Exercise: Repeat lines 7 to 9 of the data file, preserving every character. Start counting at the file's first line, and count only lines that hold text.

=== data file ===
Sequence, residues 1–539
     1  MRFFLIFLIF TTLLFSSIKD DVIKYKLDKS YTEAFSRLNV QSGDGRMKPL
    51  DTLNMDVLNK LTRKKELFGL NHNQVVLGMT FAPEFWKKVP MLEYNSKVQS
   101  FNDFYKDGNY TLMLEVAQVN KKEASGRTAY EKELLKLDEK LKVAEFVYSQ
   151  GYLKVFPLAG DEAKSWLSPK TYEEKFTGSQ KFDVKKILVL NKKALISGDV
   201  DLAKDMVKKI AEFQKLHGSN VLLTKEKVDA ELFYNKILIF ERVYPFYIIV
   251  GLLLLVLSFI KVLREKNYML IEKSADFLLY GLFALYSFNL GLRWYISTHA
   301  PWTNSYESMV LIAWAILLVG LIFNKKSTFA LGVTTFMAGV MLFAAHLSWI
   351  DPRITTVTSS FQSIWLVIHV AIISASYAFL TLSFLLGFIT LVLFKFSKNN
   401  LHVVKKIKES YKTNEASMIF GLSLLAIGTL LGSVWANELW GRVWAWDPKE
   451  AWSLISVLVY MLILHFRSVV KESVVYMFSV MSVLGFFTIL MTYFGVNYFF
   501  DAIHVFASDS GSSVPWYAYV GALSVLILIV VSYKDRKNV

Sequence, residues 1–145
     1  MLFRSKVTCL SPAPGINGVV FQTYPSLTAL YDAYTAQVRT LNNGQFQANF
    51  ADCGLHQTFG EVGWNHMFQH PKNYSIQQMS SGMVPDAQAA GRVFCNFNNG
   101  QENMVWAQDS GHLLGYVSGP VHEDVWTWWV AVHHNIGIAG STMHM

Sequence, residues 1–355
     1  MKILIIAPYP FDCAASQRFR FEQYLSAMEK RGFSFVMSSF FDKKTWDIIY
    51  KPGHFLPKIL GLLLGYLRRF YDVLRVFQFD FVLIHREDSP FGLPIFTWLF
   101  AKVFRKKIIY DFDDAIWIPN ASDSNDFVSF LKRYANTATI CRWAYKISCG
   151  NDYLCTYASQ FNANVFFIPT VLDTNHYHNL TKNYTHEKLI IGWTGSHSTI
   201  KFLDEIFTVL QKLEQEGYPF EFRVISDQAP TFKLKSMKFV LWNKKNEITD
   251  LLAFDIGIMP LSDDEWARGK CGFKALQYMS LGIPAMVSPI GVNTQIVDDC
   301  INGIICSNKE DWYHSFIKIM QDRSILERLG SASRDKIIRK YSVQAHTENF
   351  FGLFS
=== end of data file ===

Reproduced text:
   251  GLLLLVLSFI KVLREKNYML IEKSADFLLY GLFALYSFNL GLRWYISTHA
   301  PWTNSYESMV LIAWAILLVG LIFNKKSTFA LGVTTFMAGV MLFAAHLSWI
   351  DPRITTVTSS FQSIWLVIHV AIISASYAFL TLSFLLGFIT LVLFKFSKNN